September 14 - December 14, 2020
Monday 11:00-12.15, Eastern Time (US and Canada)
This fall, the Online Spatial and Urban Seminar (OSUS) is organizing a twice monthly online seminar series on urban economics. We aim to provide engaging seminars featuring economists from a variety of institutions, experience levels, and fields unified by an interest in urban questions.
At OSUS, we interpret "spatial and urban" broadly, recognizing that many fields utilize spatial variation and methods, and that a lot of economics takes place in cities! As such, we encourage participation from economists in fields including, but not limited to, housing, real estate, transportation, trade, local public goods provision, the spatial distribution of activities, economic geography, and urban or regional policy.
September 14: Steve Redding (Princeton)
"Consumption Access and Agglomeration: Evidence from Smartphone Data"
(with Yuhei Miyauchi and Kentaro Nakajima)
September 21: Nicolas Morales (Richmond Fed)
"High-Skill Migration, Multinational Companies and the Location of Economic Activity"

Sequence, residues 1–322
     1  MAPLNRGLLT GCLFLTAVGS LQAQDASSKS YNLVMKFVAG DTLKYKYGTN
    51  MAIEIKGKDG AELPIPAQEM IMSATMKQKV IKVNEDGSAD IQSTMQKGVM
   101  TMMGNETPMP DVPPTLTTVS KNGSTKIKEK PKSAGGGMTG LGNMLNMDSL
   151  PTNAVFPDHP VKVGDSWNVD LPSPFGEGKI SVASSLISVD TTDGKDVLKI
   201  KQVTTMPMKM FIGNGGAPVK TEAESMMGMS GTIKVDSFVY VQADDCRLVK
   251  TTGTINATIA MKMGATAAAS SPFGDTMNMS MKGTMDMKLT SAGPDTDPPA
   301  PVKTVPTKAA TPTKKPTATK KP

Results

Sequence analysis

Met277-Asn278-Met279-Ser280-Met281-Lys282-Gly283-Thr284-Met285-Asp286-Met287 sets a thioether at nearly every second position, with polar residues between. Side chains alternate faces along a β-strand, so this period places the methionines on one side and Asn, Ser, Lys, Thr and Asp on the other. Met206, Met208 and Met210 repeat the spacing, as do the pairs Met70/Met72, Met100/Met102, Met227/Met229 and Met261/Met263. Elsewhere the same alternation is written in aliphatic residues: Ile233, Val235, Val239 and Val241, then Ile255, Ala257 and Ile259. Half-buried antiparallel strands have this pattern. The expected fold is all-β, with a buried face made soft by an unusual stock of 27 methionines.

October 19: Devaki Ghose (World Bank)
"Trade, Internal Migration, and Human Capital: Who Gains from India’s IT Boom?"
December 7: Tobias Salz (MIT)
"The Value of Time: Evidence From Auctioned Cab Rides"
(with Nicholas Buchholz, Laura Doval, Jakub Kastl, and Filip Matejka)
Users can register at our webinar website to receive weekly invitations to these talks. Registration is only required once. Prior OSUS participants should register with the new Zoom link to gain access to the webinar and new calendar.
All seminars are 75 minutes long, with approximately 60 minutes for presentation, and 15 minutes for audience Q&A. Audience members are muted, with moderators unmuting audience members to ask substantive questions. Moderators ask clarifying questions directly.
You can contact the seminar organisers at email@example.com.
OSUS was founded in June 2020 by Clare Balboni (MIT), Fabian Eckert (UCSD), Caitlin Gorback (NBER and U Texas), and Chris Severen (Philadelphia Fed) with the aim of bringing economists from various disciplines together to explore urban issues. OSUS is run by junior faculty and post-doctoral students on a revolving basis, with the aim of involving early-career academics in the broader urban economics community. The original website can be accessed at osus.info.